For this example, I’m going to use Digitalocean to spin up a VPS with the ELK stack already installed. If you’re following along at home, simply click along:
You can choose the cheapest size available for ELK (it’s $10 a month, but don’t worry, it’s only $0.015/hour and this won’t take longer than 15 minutes). The location doesn’t really matter, but I suppose it makes sense to get something closer to your physical location. Make sure you add an SSH key so you can log in and don’t have to support password logins out-of-the-box. Go ahead and create your droplet.
Once the droplet creation is complete, SSH to it. You should see a message like the following:
The white box will be replaced with your server’s IP address, and the password will be whatever randomly generated password they give you. Notice that you’re going to be accessing Kibana over HTTP.
Exit your VPS. Fire up Wireshark (or however you prefer to monitor your network traffic) and visit Kibana on your VPS (copy/paste the URL that was echoed in the message of the day above into your browser). You will be asked to enter your credentials (also in the message of the day).
Login and then click around the interface a bit. It won’t have any logs in it, but that’s ok because we’re just interested in seeing the Basic Auth behavior.
In Wireshark you should see an initial GET for the root web page:
GET / HTTP/1.1
Accept-Encoding: gzip, deflate
Followed by a 401 Unauthorized response:
HTTP/1.1 401 Unauthorized
Server: nginx/1.4.6 (Ubuntu)
Date: Thu, 10 Aug 2017 20:43:11 GMT
WWW-Authenticate: Basic realm=”Restricted Access”
Followed by the first authenticated request:
GET / HTTP/1.1
Authorization: Basic YWRtaW46MXA3VWxHZUkyMQ== ← Copy this to your clipboard
Accept-Encoding: gzip, deflate
And here’s our creds:
Each of the subsequent requests (the ones from you clicking around in the UI) will also have the Authorization header:
Authorization: Basic YWRtaW46MXA3VWxHZUkyMQ==
There’s also the possibility that if you’re using the ELK stack to store / query HTTP metadata on your network and you’re parsing out the Authorization header, that you would not only see the Basic Auth in your requests, but also in the HTTP response data if your query results include a previous authenticated request for your Kibana instance! #BasicAuthception.
What? Basic Auth is Evolving!
Now that I’ve pointed out that Basic Auth is a sneaky, but just-as-destructive cousin of plain text credentials, what can be done to thwart this nasty beast? Well, honestly, there’s plenty of options out there, including not using Basic Auth.
However, if you want to keep Basic Auth around, you could just use it over SSL instead of plain text HTTP. It’s still potentially true that the username/password is being stored in web server logs somewhere depending on how you have your logging setup, but at least you won’t be constantly sending your credentials in plain text over the network. How difficult is it to setup Basic Auth over SSL? Why don’t I just show you.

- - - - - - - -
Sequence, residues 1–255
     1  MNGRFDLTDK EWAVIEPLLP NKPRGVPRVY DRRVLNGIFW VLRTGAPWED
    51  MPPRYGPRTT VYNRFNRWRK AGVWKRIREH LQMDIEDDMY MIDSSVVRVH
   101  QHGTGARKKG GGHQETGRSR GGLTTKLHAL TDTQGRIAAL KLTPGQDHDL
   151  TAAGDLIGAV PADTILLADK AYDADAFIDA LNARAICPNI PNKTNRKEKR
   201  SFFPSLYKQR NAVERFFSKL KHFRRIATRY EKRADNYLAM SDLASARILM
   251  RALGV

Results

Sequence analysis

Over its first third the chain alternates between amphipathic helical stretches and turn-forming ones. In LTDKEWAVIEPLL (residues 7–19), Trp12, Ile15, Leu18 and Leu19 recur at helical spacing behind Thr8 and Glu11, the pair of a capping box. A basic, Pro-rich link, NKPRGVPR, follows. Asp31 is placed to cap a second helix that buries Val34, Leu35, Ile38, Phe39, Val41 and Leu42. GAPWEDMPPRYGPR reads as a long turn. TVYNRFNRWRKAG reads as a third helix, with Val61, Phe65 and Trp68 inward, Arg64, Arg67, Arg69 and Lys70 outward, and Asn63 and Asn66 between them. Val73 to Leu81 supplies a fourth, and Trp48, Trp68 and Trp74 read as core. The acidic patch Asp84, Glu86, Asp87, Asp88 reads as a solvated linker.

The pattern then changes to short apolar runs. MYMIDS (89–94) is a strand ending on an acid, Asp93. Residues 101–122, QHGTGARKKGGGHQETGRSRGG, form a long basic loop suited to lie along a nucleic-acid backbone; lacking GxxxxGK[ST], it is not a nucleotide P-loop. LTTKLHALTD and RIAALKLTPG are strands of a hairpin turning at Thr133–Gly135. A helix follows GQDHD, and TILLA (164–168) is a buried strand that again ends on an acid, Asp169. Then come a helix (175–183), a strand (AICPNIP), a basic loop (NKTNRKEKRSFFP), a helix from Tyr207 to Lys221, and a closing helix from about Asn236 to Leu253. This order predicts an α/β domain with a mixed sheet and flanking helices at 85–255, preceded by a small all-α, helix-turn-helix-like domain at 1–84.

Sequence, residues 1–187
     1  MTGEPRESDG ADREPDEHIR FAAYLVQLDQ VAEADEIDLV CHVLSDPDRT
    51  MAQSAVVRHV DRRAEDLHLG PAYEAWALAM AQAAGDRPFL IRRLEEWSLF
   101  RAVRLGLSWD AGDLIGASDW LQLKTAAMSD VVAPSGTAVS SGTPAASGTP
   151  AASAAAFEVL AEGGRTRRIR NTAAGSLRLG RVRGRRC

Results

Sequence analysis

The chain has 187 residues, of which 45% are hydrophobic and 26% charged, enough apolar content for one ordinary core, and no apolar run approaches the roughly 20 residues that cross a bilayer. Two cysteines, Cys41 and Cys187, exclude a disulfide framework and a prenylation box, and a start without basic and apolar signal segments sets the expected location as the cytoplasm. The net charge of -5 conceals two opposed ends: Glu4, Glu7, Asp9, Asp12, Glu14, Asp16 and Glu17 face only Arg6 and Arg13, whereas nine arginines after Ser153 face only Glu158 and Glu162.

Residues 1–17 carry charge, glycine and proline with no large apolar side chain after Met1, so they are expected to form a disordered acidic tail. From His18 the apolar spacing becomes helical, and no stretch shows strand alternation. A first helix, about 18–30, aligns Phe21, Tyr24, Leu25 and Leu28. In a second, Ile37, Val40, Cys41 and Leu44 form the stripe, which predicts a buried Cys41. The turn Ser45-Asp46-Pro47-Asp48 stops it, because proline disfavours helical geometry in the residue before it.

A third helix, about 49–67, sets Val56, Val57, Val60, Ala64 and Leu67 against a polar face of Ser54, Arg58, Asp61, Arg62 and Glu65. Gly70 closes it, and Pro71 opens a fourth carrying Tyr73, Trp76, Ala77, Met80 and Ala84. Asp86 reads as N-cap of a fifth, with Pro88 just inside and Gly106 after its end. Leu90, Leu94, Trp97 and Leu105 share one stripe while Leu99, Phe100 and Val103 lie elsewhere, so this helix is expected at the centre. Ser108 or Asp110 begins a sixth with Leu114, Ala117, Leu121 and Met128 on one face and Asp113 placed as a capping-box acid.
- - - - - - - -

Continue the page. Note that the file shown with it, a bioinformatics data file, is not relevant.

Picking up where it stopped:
What you need:
- Your VPS server from earlier
- A domain registered to you and an A record pointing said domain to your VPS
- 5-10 minutes
SSH into your VPS and run the following commands:
Certbot will ask you if you want to make HTTPS optional or required. Pick the second option to ensure that only HTTPS is allowed. Now exit your VPS, fire up Wireshark and visit your domain.
Boom! Secure connection 🙂
And what does it look like in the network traffic? TLS traffic of course, no more plain text-ish usernames and passwords. If you’re having trouble narrowing down the traffic in Wireshark, you can use the following filter (replacing 0.0.0.0 with your server’s IP address):
Of course, there’s more to be done if you want to further secure your credentials, for example, fixing your weak Diffie-Hellman parameters and configuring the firewall on your VPS, but I will leave that to the reader to look into. Also, as I mentioned before, it may be prudent to avoid Basic Auth altogether.
This was simply an example of one option that would make Basic Auth more secure that doesn’t take that much time or effort to pull off; an option, when as an analyst you happen upon Basic Auth in the network you’re monitoring.
Gotcha! (Shameless Plug)
Speaking of monitoring networks, how does one find HTTP traffic using Basic Auth? Well, that depends on what tool(s) you’re using. There are few different ways to search for it using Awake, depending on what you’re specifically looking for.
The following will search for any HTTP traffic that has an Authorization header and has “Basic” in an HTTP header, which is what you would expect from RFC 7617 compliant traffic.
It is also simple to search for particularly interesting Basic Auth traffic. For example, to search for any Basic Auth traffic that is trying to authenticate using an admin account, you could use the following query:
You guessed it! The Base64 encoded string from the query above decodes to “admin:”. Ironically, the traffic shown above in the UI was using a long, randomly generated password.
You can also search for Basic Auth traffic that is not using any credentials at all. This may seem like a stretch, but the screenshot below is from an appliance in a production network.
It’s even possible to search for specific passwords. For example, if you wanted to see if anyone is using Basic Auth with the passwords ‘password’ or ‘admin’ you could use the following search:
Any of these queries can also be turned into a Watchlist so you can see when new web apps are being deployed in or accessed by the network you’re responsible for.
Basic Auth isn’t something exciting like a 0-day, or the next Shellshock, Freak, Poodle or Struts exploit; not everything that’s a real security flaw has to be sexy or have a cool name. Basic Auth is simply that thing that might be flying around your network, quietly giving away your secrets to the first person who looks for them. I challenge you to go looking for it in a network you are responsible for, I bet you’ll be surprised what you’ll find.